Although now generally referred to as Oldwick Castle its name is derived not from the Scots word auld, meaning old but from the Gaelic allt, meaning a burn or stream, its correct name being Caisteal Allt-na-Uig, or the castle of the burn of Wick. The name is important because at the time of its erection, ie. the late twelfth century, the town of Wick stood only on the north bank of the river of Wick (Amhain-na-Uig) whereas the Castle of Auldwick lies to the south of the river. It appears in records in a variety of spellings including Aldewik, Aldwik, Auldewik, Auldweik, Auldwyck, etc. It was almost certainly built at the order of William the Lion both as a stronghold for his protégé, Earl Harald ungi Eiriksson, and to deter Earl Harald Maddadarson of Orkney from ravaging the lands south of the Wick river. Earl Harald ungi's sister, Ingibjorg, married Magnus II, Earl of Caithness who died 1239 and the lands descended to his great-niece Johanna of Strathnaver who married Freskin de Moravia. Their eldest daughter, Mary de Moravia, married Reginald le Chen II (d.1305x1313).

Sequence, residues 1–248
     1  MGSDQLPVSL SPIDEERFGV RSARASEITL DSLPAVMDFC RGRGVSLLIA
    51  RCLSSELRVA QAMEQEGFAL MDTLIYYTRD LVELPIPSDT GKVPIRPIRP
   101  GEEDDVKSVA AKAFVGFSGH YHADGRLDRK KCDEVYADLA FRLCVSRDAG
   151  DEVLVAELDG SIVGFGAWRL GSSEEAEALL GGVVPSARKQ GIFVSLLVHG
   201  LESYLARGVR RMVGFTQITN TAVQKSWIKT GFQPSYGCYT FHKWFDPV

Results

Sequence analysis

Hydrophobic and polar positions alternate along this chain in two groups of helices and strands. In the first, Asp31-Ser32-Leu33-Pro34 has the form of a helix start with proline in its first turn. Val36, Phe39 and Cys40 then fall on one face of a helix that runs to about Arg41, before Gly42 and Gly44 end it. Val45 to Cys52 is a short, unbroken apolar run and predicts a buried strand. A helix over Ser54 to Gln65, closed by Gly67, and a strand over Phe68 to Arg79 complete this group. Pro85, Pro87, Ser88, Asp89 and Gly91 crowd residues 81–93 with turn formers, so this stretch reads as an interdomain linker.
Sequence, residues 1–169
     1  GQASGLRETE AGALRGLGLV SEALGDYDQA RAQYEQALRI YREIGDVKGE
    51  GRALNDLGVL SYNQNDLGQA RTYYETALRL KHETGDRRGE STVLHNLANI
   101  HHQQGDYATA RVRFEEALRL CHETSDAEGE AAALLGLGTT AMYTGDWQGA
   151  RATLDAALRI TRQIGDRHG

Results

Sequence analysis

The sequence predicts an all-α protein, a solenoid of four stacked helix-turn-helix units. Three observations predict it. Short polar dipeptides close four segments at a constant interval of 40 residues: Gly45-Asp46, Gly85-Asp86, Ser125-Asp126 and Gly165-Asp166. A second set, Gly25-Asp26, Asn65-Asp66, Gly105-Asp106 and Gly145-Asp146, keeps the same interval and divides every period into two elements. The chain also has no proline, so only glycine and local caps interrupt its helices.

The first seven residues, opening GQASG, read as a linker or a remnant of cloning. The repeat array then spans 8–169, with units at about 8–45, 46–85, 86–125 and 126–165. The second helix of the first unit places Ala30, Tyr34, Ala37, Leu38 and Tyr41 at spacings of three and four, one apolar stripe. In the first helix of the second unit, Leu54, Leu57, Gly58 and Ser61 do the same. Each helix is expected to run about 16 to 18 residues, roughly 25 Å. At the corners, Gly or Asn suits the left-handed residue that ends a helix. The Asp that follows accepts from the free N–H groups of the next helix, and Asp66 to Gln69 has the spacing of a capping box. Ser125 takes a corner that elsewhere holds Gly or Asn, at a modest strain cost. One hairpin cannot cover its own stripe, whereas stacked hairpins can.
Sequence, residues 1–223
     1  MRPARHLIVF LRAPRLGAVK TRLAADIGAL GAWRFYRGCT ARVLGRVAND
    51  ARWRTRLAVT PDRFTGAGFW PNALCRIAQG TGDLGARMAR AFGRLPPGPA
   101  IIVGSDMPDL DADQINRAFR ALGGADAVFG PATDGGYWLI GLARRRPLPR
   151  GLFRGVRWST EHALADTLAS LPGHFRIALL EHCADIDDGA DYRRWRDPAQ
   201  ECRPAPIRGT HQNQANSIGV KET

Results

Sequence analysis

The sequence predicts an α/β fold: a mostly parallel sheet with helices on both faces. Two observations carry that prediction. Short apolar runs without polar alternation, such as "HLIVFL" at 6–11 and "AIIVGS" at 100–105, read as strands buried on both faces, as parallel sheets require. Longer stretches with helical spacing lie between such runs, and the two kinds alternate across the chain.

Reginald le Chen II's granddaughter, Mary le Chen, married Nicholas Sutherland of Forbat, first Baron of Torboll (1363) and a son of Kenneth fourth Earl of Sutherland. This Nicholas, or Neill Sutherland received a charter of Auldwick from Robert III and it is likely that the castle was strengthened and enlarged during the spate of castle building which occurred in Caithness during the 1380s. Auldwick was created a burgh of barony between 1390 and 1406. One of Nicholas's granddaughters, Christine Sutherland, married c.1489 George Oliphant and the couple had a charter of the lands and castle of Auldwick from James IV on 12th August 1497. On 9th July 1498 there was action by Christine Sutherland and her Oliphant spouse against Sir James Dunbar of Cumnock, who, it was alleged had wrongfully retained the rents and profits of the lands of Auldwick and Berriedale for three years. Both the Sinclair earl and Keith of Inverugie challenged Oliphant's rights to Auldwick and other Caithness lands and castles, including Berriedale, Forse and Dunbeath, and the rival claims were the source of much feud and bloodshed. The Clan Gunn supported Sir William Keith of Inverugie and Ackergill against the rival claims of the Sinclairs and Oliphants.